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Sidney Alvin Lee - U.S. Army Airborne Ranger

At sundown, we dug in just off a narrow trail and set up an ambush.  The bad guys moved brought in food and weapons at night, and frequently, propaganda officers and paymasters accompanied them.  The terrain was thick, triple canopy jungle. To insure an escape route if needed, I ordered the guys to line a corridor through the underbrush with claymores.  If things got too hot, on my signal they’d blow the claymores in succession, clear the path in front of us, and we’d follow them out.

Just after midnight, we heard the enemy moving, and moments later, we saw them – NVA regulars wearing canvas uniforms and helmets of woven bamboo.  We hunkered down and held our breath while they walked right past our noses.  I counted a hundred and twenty-seven.  Our patrol could do nothing against a force that size, so we lay still and prayed they wouldn’t discover us playing.

To this day, I don’t know how they saw us, but they did, and both sides opened up at the same time, and it was chaos.  Outnumbered ten to one, we were definitely in the shit and had no choice but to fight.  Our only chance of survival was to lay down serious lead and hope they didn’t get behind us.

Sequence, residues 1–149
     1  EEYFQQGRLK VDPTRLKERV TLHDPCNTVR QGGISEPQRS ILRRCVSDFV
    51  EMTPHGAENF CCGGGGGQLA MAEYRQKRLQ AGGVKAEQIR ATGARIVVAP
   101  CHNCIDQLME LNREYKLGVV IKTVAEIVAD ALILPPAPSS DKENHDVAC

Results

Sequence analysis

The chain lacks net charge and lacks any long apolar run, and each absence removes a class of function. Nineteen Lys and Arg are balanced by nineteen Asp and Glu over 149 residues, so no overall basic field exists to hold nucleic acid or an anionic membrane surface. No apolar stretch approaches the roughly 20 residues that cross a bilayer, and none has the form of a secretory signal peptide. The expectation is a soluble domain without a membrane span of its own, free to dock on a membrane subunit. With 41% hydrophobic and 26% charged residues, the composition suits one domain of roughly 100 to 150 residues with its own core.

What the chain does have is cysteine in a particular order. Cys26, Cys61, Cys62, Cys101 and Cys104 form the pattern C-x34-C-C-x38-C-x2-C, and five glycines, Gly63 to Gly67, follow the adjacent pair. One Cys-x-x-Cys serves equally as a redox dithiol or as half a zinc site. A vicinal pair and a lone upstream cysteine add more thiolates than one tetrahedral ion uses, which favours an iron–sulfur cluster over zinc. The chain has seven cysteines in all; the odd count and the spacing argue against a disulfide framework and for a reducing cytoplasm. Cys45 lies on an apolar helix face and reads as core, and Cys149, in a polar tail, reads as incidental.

Two things were in our favor, we’d taken them by surprise, and we were dug in and fired from concealment.  They were exposed, couldn’t find cover, and couldn’t pinpoint our position in the dark.  The lieutenant got on the radio and called for air support.  I’d gone over coordinates with him earlier, so I wasn’t worried about getting hit by our own ordinance, but at that point, it didn’t seem to matter how we bought it.  These soldiers were seasoned NVA troops not a ragtag band of poorly trained VC.  We had definitely bitten off more than we could chew. 

The enemy quickly recovered from their surprise and went to work on us in earnest.  Impressive the way they regrouped, broke into platoon-sized formations and spread out.  Then, they played a little fire and movement game they’d probably learned from some Chinese infantry training manual, and it worked, because they flanked us, zeroed in, and we started taking hits.  At that point, I was pretty sure the last thing I’d see on this earth was a green tracer ripping through black jungle headed straight for my heart.

  • Sidney describes an almost universal visual traumatic stressor for Vietnam veterans.  Green Communist block tracer ammunition moving towards him at supersonic speed became an integral part of Sidney’s PTSD.


1. Racism in the Military
2. Tossed into a River
3. Dad's Death
4. MLK
5. Jump school
6. Rosie Marie
7. A lot of action
8. The world turned to shit
9. Attacked from three sides
10. Green tracers
11. The last day
12. PTSD symptoms kick in
13. Too petrified to move
14. No support from Uncle Sam